Southwest Idaho is the ultimate destination for a bike packing adventure.
The region is crisscrossed with 2,000+ miles of singletrack trails through virtually untouched wilderness — with plenty of epic views and secluded campsites along the way.
Craving to hit the trails but not sure where to start? We’ve put together a guide to help you get started.
Part backpacking and part mountain biking, bikepacking involves carrying the bare essentials on your bike while you explore miles of trails and camp in the wilderness. This could mean just a quick weekend jaunt in the foothills or a multi-week journey spanning hundreds of miles, taking routes along forest service roads or singletrack trails.
The only requirement: You do it all by bike and camp under the stars.
Practically any mountain bike can be fitted into a bikepacking rig. Depending on the trail conditions on your route, you’ll typically want to use a rigid bike with a nice seat, mechanical disc brakes and a multi-position handlebar. (This will balance comfort with ease of use on the trail.)
Because you’ll be riding with additional weight and gear, make sure to take some extra precautions while you ride. Limit your speed, especially while going downhill. Allow more space for stopping distances and turning corners. To prevent fatigue on the trail, ride with a lower gear than usual.
The typical gear setup for a bikepacking rig usually involves a large seat bag, a handlebar bag, water bottle cages, frame bags, a top tube bag and possibly a day pack. Keep the things you’ll need most often on the trail (h4.e. water, snacks, etc.) more easily accessible than what you’ll need at camp. Heavier items should be placed in the frame bag for stability.
Some essentials for the trip to include:
- Mini repair kit — cable ties, inner tube, pliers, CO2 canisters, handpump, quick patches, chain link remover/holder, tire levers
- Camping pack — sleeping mat, sleeping bag, tarpaulin, cord, pegs, small compact tent, headlamp
- Food and nutrition — dehydrated meal packs, protein bars, enamel mug, spork, small camp stove (include fuel, lighters, pot and stand), water bottles and purification tablets (or a filtration pump)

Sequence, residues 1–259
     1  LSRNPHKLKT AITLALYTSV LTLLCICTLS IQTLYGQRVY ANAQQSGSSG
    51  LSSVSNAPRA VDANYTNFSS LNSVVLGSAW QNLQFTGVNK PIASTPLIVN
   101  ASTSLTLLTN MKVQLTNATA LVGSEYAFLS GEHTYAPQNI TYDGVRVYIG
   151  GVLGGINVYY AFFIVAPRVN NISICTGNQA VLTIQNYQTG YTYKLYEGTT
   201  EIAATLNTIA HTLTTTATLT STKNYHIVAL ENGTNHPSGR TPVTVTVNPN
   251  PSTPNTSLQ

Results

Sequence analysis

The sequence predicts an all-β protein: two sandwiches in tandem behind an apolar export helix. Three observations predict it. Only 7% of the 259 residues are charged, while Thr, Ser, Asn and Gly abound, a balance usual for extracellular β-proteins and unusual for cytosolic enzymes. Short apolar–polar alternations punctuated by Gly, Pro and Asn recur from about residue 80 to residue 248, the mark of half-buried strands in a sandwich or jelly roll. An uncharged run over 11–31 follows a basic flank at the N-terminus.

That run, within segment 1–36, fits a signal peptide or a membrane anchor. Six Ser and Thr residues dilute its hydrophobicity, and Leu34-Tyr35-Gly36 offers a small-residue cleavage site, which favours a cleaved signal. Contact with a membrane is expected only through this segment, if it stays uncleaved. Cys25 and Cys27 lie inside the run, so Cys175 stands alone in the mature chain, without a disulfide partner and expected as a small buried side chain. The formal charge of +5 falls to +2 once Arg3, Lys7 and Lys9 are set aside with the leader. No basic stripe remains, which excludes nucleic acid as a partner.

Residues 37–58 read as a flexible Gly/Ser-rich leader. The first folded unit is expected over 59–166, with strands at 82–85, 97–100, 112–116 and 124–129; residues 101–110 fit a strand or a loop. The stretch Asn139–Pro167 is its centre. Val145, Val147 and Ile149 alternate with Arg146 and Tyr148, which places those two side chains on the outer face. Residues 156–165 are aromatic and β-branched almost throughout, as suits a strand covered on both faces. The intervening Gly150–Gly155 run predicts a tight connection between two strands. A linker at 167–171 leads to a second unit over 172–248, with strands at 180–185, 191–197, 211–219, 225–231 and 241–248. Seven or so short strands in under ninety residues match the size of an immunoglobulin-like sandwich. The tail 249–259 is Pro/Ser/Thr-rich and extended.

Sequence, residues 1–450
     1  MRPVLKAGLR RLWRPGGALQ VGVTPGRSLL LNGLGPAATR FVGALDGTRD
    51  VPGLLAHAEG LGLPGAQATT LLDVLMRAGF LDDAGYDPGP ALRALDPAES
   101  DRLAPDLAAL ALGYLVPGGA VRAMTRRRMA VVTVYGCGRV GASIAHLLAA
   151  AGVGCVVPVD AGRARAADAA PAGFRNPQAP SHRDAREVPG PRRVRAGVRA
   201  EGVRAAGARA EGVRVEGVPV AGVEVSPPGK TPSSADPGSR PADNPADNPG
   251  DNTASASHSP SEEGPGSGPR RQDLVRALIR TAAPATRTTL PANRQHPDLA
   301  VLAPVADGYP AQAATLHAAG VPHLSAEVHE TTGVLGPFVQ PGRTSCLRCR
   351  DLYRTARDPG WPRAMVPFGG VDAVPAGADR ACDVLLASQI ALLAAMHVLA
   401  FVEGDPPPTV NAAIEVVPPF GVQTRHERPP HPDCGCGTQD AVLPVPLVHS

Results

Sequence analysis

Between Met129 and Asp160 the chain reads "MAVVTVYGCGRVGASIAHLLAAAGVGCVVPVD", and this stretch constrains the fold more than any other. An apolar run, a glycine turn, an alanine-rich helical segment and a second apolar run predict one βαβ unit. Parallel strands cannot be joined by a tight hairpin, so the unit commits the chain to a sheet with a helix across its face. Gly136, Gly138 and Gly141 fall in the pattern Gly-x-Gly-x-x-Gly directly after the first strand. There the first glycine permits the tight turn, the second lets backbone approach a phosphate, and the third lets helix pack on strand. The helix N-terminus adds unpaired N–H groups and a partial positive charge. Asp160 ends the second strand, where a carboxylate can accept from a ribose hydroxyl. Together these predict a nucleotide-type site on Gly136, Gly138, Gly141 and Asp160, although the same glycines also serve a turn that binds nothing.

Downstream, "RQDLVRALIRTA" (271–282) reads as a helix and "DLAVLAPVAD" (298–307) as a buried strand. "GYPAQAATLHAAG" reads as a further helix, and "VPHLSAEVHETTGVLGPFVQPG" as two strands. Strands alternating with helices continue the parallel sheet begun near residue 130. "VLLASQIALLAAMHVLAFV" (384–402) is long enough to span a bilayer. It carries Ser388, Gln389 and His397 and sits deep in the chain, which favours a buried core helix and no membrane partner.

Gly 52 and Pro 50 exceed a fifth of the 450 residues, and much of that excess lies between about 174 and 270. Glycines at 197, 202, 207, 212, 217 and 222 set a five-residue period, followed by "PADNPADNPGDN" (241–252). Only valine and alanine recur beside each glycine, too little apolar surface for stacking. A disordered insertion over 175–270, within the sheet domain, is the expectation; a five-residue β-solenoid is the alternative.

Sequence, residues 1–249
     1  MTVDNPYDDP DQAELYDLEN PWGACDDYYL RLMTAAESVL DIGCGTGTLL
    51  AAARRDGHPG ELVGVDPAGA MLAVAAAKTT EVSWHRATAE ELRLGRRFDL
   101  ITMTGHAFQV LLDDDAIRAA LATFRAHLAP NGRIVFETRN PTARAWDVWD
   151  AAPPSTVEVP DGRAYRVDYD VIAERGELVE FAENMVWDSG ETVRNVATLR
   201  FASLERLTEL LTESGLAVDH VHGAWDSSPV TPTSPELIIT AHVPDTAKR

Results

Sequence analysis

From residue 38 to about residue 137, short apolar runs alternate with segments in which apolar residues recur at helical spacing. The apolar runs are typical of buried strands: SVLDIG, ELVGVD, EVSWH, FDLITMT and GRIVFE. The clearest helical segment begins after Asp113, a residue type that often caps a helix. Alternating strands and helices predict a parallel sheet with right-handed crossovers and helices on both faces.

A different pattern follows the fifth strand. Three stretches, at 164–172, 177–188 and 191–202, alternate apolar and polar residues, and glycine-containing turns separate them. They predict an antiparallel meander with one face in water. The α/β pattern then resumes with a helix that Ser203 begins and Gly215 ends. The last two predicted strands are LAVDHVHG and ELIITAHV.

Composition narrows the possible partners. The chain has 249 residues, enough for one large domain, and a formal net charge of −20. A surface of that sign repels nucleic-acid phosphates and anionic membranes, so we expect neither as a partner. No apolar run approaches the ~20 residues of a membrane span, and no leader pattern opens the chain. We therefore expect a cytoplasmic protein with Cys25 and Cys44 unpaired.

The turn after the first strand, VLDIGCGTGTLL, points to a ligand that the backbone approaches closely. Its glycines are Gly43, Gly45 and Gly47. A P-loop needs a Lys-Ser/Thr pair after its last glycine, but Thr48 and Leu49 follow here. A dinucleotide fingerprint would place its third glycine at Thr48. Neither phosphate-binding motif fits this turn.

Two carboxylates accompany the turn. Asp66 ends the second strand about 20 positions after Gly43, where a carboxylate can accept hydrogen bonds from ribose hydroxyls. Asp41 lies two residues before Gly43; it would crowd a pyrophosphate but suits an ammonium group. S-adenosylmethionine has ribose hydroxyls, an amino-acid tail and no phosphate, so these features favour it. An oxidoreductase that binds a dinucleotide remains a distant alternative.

- Clothing — padded shorts, jersey, padded warm gloves, socks, waterproof jacket, thermal leggings and top (for sleeping), swimsuit (for hot springs!), helmet
- Safety and navigation — GPS, portable charger, cell phone, bear spray, sunscreen, bug spray, small first-aid kit
- Other necessities — Toothbrush, toothpaste, deodorant, microfiber towel
3 Bikepacking Trips in Southwest Idaho
A quick overnighter in the Owyhees, a weekend-long jaunt on the Weiser River, a 400-mile journey through rugged mountain ranges…When it comes to bikepacking on Southwest Idaho’s trail systems, you really can choose your own adventure.
Easy Route: Cascade to Tamarack
Coast near the shores of one of Idaho’s largest (and most iconic) lakes. About 30 miles in length, Mountain Road is a lightly trafficked, partially paved route that will take you along the west side of Lake Cascade. You can tackle the whole route in a day or two, or take your time and stay a while at the campgrounds around the lake!
Your journey starts in the small town of Cascade. From there, you’ll bike a few easy miles before making one uphill climb through the ponderosa forests. The rest of the route is relatively flat as you follow the shores of the lake. (You’ll spot plenty of sandy beaches during the ride — be sure to stop, go for a swim and take in the scenery.)
Local’s Tip: About 20 miles into the route, you can take a turn off to Tamarack Resort, where you’ll find a few trails with views overlooking the entire valley!
At the end of the trip, you’ll reach the north side of the lake near Donnelly, where there are plenty of campgrounds nearby. Set up a tent, start a fire and sleep under the stars. When you’re ready to head back, we recommend taking the same route back to Cascade. The eastern side of the lake doesn’t have a straightforward bikepacking route back to town.